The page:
Saturday, April 11, 2009

Atonement Series: Moral Example

Moral Example View
The moral example theory (also called moral influence) was first proposed by Pierre Abelard. During the Reformation it was advocated by the Socinians. Today it is often advocated by liberal groups such as Unitarians.

The moral example theory states that Jesus' life and death served as an example to humanity. Jesus' life was meant to persuade us to love him, and to follow his example. The key to understanding this theory is to recognize that atonement is not directed toward God to satisfy His justice, rather it is directed toward man to motivate him to do the right thing.

Roger Olson writes:
God, according to Abelard, does not need to be reconciled to humanity. God already loves us. Our problem is that we do not realize this and because of our sin and ignorance live in alienating fear of God. The cross of Jesus is an act of God's love that inspires new motive into our actions so that we see how much God loves us and we begin to love in return.(1)
Articulating the moral example theory, philosopher Hastings Rashdall wrote:
The great question for us now is, Do we believe in that love of God which Christ taught by His words, and of which His followers saw in His voluntary death a crowning manifestation? And remember that even belief in the love of God will do us no good unless it awakes answering love in ourselves -- unless it adds to our hatred of the sin which separates us from God and increases our love of other men. (2)

Observe that what's important to Rashdall is not what Jesus objectively accomplished, rather, it is what Jesus taught, what his followers saw, and the response that it brings about in us. This is what matters in moral example theory.

Adherents:

The moral example theory is commonly accepted by liberal leaning Christians. Other groups find the theory helpful as one aspect of the atonement, but inadequate in its own right.

Criticisms:
  • Doesn't explain why Jesus had to shed his blood.
  • Neglects the exclusivity and divinity of Jesus.
  • Implies that we can obtain salvation on our own merits.

Verses Used to Advocate:
  • Then [Jesus] said to them all: "If anyone would come after me, he must deny himself and take up his cross daily and follow me. For whoever wants to save his life will lose it, but whoever loses his life for me will save it. -Luke 9:23.24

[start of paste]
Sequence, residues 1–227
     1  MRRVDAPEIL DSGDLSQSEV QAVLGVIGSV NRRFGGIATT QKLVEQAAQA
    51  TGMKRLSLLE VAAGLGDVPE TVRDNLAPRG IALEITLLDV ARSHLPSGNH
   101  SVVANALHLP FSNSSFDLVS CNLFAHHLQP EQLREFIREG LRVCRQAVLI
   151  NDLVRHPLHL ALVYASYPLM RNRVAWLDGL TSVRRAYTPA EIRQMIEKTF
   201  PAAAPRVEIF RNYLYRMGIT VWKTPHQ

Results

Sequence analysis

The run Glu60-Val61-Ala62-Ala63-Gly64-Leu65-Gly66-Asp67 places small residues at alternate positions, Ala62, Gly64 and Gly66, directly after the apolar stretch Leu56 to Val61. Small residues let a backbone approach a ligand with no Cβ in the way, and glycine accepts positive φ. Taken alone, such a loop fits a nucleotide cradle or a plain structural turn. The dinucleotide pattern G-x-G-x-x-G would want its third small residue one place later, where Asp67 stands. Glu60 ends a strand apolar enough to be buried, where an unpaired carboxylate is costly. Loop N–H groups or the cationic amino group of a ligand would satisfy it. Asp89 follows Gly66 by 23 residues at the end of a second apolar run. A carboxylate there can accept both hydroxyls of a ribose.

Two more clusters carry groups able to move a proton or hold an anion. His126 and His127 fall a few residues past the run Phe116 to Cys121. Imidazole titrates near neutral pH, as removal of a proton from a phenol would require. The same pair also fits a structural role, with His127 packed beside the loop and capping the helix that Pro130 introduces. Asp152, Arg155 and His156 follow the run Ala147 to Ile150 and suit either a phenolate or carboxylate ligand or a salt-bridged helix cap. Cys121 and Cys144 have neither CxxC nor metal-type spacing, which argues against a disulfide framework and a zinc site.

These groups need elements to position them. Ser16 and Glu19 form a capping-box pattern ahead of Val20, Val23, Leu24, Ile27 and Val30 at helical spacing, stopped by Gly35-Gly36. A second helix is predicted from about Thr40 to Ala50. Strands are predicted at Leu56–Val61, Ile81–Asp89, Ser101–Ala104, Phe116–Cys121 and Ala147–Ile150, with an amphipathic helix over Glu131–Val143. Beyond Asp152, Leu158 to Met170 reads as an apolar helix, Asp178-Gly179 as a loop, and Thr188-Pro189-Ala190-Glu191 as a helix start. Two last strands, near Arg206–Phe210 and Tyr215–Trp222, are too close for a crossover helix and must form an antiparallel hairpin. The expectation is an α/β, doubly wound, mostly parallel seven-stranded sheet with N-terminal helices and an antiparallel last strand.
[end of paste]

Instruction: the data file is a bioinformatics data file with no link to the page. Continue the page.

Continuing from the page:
• To this you were called, because Christ suffered for you, leaving you an example, that you should follow in his steps. -1 Peter 2:21

Examples in Music and Literature
  • When I Survey, (by Isaac Watts). Hymn that emphasizes the effect on the observer surveying Jesus on the cross.
  • Lord I Lift Your Name on High (by Rick Founds) "You came from heaven to earth, to show the way, from the earth to the cross, my debt to pay." The first phrase is representative of moral example while the second is phrase is substitutionary.
(1) The Story of Christian Theology, by Roger Olson, p 328-29
(2) Principles and Precepts, by Hastings Rashdall, p126.

3 comments:

The Seeking Disciple said...

Good post. I have myself been intrigued by the atonement of Christ and the various theories. I have yet to find a book that covers the various teachings from Church History but I am looking so if you know one let me know.

Jc_Freak: said...

Seeking Disciple:

Try "Historical Theology" by Alister McGrath. It covers the major theological controversies throughout history including this one. It is more detailed than these posts, and contains and extensive bibliography, but it is still one subject among many.

Pizza Man said...

Thanks for the comments guys. I will need to check out some McGrath's work, I hear his name a lot.

Roger Olson covers the theories pretty in "The Story of Christian Theology", and also myth #10 of "Arminian Theology".

It's been my observation that it is rare to find someone who represents all of the views fairly. This is particular true for the example and governmental theories.